• State and Federal Privacy Practices and Laws
  • Data integrity at the enterprise level

These and many others are some of the duties of health informatics specialists who often work with you as doctors, your patients, registered nurses, and other healthcare professionals. In this way, they can clarify the information needed to maintain the accuracy and completeness of medical records.

Health information management growth

Health information managers guarantee the reliability and security of medical information. Nurses, doctors, and other health care workers can use it when and when needed. Without a doubt, they are essential in every medical institution.

Doctors and the Medical Regulatory Board are also working to improve these systems for tracking medical data. In addition to this, the sector is growing dramatically with an aging population, requiring more medical services.

Important qualities and skills

  1. Attention to detail – Accuracy is critical when coding and recording patient information, as health records affect the patient's health and the responsibilities of those involved in record keeping.
  2. Technical skills – They must be understanding the classification and coding softwares. They must be particularly knowledgeable about the electronic health record (EHR) system used by the organization or practice they work for.
  3. Interpersonal skills – HIM must clearly and directly communicate the complex issues of patient information and data requirements to other professionals who are not subject matter experts. They must also pay attention to the patient's status in order to establish a positive relationship with them.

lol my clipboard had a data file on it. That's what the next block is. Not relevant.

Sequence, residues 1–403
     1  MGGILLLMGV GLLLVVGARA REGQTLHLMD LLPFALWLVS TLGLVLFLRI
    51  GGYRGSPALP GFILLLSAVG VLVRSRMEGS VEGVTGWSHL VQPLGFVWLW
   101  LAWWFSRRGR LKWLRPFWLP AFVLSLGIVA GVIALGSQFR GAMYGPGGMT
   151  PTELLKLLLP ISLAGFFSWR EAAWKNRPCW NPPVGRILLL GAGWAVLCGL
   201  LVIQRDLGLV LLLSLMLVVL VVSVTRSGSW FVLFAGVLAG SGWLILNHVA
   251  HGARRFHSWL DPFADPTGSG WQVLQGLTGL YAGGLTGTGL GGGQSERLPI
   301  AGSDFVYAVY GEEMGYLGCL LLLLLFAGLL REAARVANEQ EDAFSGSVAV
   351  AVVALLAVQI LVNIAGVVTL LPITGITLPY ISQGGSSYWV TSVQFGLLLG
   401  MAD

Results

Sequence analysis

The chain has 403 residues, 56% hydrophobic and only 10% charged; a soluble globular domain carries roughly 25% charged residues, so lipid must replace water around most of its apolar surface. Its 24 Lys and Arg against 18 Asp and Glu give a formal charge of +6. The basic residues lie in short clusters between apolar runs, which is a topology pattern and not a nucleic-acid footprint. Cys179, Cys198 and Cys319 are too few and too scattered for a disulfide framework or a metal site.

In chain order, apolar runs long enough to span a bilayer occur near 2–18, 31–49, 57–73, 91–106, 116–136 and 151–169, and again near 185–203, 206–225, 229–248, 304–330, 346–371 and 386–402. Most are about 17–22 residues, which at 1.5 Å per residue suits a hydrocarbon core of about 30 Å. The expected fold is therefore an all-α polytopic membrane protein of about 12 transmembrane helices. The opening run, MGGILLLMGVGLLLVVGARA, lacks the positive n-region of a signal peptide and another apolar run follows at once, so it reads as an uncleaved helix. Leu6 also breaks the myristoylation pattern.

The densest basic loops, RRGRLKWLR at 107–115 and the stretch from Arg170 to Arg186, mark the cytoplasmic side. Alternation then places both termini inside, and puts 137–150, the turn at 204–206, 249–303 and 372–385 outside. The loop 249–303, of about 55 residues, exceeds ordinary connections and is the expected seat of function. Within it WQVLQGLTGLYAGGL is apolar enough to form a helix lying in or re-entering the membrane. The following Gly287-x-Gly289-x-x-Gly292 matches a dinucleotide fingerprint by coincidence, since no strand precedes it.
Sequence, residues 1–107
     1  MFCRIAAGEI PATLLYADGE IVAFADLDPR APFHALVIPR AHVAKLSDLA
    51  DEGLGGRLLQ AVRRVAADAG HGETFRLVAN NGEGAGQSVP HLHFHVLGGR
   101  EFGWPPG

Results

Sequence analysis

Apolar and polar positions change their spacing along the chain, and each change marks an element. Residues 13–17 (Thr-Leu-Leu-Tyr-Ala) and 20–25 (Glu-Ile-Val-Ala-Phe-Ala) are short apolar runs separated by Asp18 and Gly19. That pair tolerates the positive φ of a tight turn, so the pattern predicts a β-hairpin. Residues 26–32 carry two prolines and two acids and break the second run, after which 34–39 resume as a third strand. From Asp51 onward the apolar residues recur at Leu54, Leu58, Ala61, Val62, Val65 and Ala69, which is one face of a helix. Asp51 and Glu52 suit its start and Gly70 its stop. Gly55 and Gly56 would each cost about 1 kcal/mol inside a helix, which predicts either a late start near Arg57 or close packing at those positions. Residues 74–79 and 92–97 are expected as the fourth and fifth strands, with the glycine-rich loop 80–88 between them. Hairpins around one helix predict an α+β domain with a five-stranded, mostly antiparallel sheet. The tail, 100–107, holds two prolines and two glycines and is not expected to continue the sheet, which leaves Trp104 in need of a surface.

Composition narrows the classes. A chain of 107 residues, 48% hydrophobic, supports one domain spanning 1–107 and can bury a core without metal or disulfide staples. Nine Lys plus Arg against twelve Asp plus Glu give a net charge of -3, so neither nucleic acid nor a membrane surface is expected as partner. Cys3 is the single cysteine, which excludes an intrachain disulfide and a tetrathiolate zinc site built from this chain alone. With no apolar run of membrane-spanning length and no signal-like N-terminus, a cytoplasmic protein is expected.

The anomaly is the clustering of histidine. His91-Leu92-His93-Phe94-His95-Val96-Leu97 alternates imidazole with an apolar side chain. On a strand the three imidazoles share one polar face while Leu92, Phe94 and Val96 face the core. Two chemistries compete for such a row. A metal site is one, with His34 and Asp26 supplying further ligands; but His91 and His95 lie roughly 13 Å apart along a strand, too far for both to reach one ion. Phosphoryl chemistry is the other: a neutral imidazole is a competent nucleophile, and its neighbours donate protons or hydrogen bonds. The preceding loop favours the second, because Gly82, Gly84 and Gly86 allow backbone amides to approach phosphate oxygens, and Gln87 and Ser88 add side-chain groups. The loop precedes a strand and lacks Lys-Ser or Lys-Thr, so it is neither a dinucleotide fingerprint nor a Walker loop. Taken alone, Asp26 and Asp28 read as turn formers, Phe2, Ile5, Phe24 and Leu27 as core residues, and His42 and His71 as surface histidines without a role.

4. Strong analytical skills – They must be able to read and understand medical records and know how to code them.
  5. Integrity – Because health information specialists are entrusted with the handling of personal patient information, they must have a strong sense of integrity, obligation, and ethics. To protect the privacy of patients, they must remain vigilant and cautious.

Protect patient information

The digitization of patient data, combined with the sensitivity of patient information, requires someone to handle all of your patient information. Management training in this area and compliance with the Patient Protection and Affordable Care Act (HIPAA) patient safety rules.

As a doctor, you can rely on HIM to meet your data security concerns. Healthcare IT teams ensure that healthcare practitioners have secure access to patient health information. These groups are overseen by health information managers who control the storage, protection, and accessibility of electronic medical records.